President Obama took his first step on Friday altering the 2001 No Child Left Behind law, a signature domestic-policy achievement of his predecessor, George W. Bush. The law required schools, for the first time, to report on and meet achievement standards for all students. Obama now is offering waivers to states of some of the more onerous standards in exchange for other school-reform efforts, particularly for the lowest performing schools.
The move is a substantive rebuke to Congress for failing to work on national policies. On education, no one disagrees that the standards under No Child Left Behind need tweaking, but lawmakers have been unable to reach a consensus on even the most basic of updates. "Congress has not been able to fix these flaws so far. I’ve urged Congress for a while now, 'Let’s get a bipartisan effort. Let's fix this.' Congress hasn’t been able to do it, so I will," Obama said at a White House event.
As early as January, states could be free from outdated student-achievement requirements if they can demonstrate that they are aggressively intervening in low-performing schools and using college- and career-oriented curricula. Under the new rule from the Education Department, states could apply for the waivers as early as November and potentially be approved by the beginning of the year, according to administration officials. States that need more time to prepare their applications can apply in January.
In practical terms, the waivers represent the biggest changes to the national K-12 education requirements in 10 years. They remove a key benchmark that the law's supporters insisted was necessary to hold schools' feet the the fire. The White House says the current law’s benchmarks need to be changed because as many as 80 percent of public schools could be labeled as failing next year. Schools will still be required to collect data on all types of students--minority groups, economically disadvantaged students, and those with special education needs.
The rule cedes much of the decision-making on achievement standards to the states, catering to complaints from many Republicans that Obama's education policies are too centralized. "What works in Rhode Island may not be the same thing that works in Tennessee," Obama said. "This does not mean that states will be able to lower their standards or escape accountability."
What happens next depends in part on political zeitgeist: Some conservatives would like to see national standards dismantled in favor of state and local control of schools. If Republican policies gain favor in Congress, legislators could nudge the law in that direction while states are getting the achievement benchmarks waived. Meanwhile, policymakers who helped create No Child Left Behind will be watching closely to see whether the waiver rule advances the intent of the law without giving up its original goal of highlighting improvement for all students, including those who are disadvantaged.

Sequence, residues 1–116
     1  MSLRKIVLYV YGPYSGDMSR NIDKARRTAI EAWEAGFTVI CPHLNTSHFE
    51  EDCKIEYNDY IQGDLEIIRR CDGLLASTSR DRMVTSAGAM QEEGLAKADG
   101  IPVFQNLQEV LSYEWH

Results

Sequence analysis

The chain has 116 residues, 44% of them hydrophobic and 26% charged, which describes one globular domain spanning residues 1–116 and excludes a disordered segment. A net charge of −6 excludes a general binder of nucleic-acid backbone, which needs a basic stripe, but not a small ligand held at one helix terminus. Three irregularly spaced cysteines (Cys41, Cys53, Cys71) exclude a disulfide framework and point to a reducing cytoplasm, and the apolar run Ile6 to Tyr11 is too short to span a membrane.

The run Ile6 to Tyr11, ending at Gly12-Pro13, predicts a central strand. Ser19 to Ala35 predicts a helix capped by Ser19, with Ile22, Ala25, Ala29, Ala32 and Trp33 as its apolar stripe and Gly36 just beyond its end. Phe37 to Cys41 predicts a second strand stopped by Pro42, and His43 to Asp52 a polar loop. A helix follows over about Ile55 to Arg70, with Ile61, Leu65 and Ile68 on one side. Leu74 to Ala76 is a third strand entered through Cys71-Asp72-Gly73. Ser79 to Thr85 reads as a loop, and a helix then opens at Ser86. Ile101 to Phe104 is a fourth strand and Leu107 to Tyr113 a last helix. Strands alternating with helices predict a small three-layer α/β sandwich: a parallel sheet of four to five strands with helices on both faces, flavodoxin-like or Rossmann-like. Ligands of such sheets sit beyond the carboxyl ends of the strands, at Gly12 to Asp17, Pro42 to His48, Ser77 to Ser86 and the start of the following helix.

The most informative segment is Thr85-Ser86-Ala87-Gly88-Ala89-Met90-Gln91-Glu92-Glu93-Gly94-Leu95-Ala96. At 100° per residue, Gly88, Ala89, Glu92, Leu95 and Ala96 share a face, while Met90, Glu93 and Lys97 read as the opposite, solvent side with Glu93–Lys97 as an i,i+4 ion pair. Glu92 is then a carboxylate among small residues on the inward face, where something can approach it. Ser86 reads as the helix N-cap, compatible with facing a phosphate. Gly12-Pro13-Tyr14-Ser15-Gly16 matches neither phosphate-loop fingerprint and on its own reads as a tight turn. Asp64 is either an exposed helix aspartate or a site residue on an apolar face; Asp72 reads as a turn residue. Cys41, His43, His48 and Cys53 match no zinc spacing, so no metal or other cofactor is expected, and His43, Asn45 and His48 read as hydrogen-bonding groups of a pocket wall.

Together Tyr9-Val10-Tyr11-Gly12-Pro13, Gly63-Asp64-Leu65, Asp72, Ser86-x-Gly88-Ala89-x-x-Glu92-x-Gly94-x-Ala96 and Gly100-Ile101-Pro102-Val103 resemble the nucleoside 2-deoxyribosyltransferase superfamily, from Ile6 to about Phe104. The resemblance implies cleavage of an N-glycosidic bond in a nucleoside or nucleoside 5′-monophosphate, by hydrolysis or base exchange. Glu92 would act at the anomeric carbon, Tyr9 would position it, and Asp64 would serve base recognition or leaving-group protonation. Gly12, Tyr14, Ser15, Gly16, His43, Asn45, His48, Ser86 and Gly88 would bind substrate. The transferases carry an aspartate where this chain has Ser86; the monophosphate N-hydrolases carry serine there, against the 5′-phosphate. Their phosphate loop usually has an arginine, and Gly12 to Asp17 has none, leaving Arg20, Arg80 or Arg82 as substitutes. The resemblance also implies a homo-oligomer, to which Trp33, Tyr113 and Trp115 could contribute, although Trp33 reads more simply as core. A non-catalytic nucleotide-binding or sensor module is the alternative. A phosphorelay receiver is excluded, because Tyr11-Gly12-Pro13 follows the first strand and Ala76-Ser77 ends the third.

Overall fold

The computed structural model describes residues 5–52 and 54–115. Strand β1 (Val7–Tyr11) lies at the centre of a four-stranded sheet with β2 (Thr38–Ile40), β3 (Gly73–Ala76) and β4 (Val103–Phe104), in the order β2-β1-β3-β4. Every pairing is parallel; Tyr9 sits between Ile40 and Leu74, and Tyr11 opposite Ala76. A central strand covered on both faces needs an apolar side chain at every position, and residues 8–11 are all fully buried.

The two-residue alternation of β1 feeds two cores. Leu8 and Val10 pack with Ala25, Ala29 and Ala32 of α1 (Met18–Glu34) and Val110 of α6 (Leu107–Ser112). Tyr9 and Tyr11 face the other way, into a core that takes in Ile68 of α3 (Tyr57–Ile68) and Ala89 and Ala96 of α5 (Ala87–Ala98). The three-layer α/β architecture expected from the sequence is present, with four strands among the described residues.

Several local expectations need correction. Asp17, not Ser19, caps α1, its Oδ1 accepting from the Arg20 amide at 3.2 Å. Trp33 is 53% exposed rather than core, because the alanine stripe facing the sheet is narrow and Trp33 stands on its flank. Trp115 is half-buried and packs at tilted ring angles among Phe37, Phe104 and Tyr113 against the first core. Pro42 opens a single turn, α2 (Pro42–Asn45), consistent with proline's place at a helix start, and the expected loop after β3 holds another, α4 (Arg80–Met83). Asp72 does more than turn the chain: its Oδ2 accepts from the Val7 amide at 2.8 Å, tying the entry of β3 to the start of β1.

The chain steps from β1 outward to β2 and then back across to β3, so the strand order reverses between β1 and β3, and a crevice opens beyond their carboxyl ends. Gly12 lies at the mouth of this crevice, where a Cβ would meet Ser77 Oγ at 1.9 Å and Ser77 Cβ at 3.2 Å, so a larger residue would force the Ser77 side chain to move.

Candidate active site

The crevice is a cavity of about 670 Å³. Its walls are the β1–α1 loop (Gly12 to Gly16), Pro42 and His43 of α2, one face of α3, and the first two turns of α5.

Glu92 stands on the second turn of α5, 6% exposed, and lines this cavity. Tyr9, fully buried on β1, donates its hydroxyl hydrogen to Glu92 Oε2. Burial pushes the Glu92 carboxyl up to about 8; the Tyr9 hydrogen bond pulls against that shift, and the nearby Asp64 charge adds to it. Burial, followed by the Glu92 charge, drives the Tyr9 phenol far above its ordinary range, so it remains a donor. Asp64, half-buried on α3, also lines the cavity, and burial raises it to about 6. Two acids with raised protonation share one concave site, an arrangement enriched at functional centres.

The waiver rule “recognizes the changes in the educational environment that need to be made if, in fact, schools are going to start to make more promising advancements on the [achievement] gap,” said House Education and the Workforce Committee ranking member George Miller, D-Calif., who was a key player in writing the law. “No Child Left Behind, when we did that, we didn’t have the ability to speak to standards, we didn’t have the ability to speak to assessments.... We need to move beyond that.”
Republicans aren’t pleased with the move, which they see as an encroachment on congressional power. “Make no mistake. This is a political move that could have a damaging impact on congressional efforts to enact lasting reforms to current elementary- and secondary-education law,” said House Education Chairman John Kline, R-Minn. “While I appreciate some of the policies outlined in the secretary’s waivers plan, I simply cannot support a process that grants the secretary of Education sweeping authority to handpick winners and losers.”
“The truth is the secretary has the states over a barrel. Most governors want a waiver. Almost every state, they’ll be asking for a waiver,” said Sen. Lamar Alexander, R-Tenn., who has introduced a Republican education package that would remove most of the national standards and leave them to the states. The waivers “run the risk of 100,000 schools being supervised by a national school board,” he said.
To get a waiver, states must do three things. First, they must adopt college- and career-ready standards that will ensure that high school graduates don’t need remedial courses to get into college or to start job training. Second, states must identify the bottom 5 percent of low-performing schools as well as rigorous interventions to turn them around; they also must identify an additional 10 percent of “focus schools” that have low graduation rates or large achievement gaps to focus on the students with the greatest need. Third, they must set basic guidelines for teacher and principal evaluation and support systems.
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